“The enzyme beta-galactosidase (lactase) can be used to produce the prebiotic galacto-oligosaccharide (TOS) from lactose,” Willrett says. “TOS is naturally found in human breast milk and is added to infant formula and other foods in various regions of the world to provide the desired prebiotic effect.”
Such advances in enzyme technology are good news for the world of dairy processing. In the past decade or so, the market value for whey has increased considerably, as research has demonstrated the vast health benefits conferred by whey proteins and various enzyme-produced peptide fractions. While such research has reinforced the value of proteins in whey, the value of the remaining milk carbohydrate, the lactose, has not seen a proportional increase in its overall value. Now the potential to transform some of the relatively low value lactose into higher valued prebiotics bodes well for the use of the milk carbohydrate.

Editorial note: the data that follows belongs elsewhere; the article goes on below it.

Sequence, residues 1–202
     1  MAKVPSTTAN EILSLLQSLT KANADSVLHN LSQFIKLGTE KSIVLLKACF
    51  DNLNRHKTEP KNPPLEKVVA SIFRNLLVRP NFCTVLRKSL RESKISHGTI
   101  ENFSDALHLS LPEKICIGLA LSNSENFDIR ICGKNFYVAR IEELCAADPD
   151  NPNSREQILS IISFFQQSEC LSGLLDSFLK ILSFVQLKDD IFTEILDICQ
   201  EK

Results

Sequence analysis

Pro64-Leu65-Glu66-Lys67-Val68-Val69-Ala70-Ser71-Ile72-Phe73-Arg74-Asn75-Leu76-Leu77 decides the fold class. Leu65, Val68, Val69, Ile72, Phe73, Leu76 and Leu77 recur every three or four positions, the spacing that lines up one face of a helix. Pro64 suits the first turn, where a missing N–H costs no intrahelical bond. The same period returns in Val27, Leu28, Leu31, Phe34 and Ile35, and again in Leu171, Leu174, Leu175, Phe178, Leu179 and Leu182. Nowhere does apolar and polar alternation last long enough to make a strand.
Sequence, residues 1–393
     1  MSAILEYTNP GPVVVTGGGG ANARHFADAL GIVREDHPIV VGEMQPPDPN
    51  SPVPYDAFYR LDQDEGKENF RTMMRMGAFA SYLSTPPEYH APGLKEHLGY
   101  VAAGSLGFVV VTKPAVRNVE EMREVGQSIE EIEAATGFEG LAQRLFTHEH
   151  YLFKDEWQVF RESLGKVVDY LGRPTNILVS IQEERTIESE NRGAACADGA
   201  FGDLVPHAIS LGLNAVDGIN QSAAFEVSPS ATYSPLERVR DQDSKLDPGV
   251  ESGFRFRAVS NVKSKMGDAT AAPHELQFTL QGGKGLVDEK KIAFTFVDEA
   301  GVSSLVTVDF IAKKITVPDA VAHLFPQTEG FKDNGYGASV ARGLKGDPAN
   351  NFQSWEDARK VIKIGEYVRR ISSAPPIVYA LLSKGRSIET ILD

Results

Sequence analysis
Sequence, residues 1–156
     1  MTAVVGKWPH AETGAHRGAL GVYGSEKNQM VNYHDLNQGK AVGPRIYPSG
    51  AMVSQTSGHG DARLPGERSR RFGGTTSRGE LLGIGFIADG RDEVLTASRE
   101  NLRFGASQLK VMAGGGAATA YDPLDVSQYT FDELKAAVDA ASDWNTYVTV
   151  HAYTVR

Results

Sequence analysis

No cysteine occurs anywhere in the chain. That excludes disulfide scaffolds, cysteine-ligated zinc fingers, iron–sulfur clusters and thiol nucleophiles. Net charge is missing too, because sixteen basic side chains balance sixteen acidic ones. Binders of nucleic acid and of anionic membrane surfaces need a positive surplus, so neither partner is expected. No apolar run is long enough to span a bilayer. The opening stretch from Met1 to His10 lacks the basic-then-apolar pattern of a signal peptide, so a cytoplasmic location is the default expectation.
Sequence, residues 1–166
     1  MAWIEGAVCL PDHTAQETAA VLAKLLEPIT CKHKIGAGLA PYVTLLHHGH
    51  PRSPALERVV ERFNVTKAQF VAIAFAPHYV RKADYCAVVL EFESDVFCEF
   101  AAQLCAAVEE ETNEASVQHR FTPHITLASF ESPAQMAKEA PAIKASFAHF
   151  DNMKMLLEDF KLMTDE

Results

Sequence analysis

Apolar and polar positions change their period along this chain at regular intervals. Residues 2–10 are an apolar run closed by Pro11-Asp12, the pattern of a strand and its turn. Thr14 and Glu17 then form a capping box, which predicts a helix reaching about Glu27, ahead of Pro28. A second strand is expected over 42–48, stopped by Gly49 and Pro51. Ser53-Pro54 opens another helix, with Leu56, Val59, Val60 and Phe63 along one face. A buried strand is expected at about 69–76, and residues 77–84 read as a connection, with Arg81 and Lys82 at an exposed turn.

At the same time, protease and pepidases enzymes have also been shown to be extremely useful in acting upon whey proteins to hydrolyze whey into different peptide fractions and subfractions, many of which confer interesting new functionalities and health benefits.
“For cultures, the future is especially bright for probiotics,” Willrett says. “As for dairy enzymes, opportunities for converting whey into higher value peptides and prebiotics paint a rosy picture for this technology and the dairy industry. I would place a big bet on that.”$OMN_arttitle="Enzymes and Cultures";?>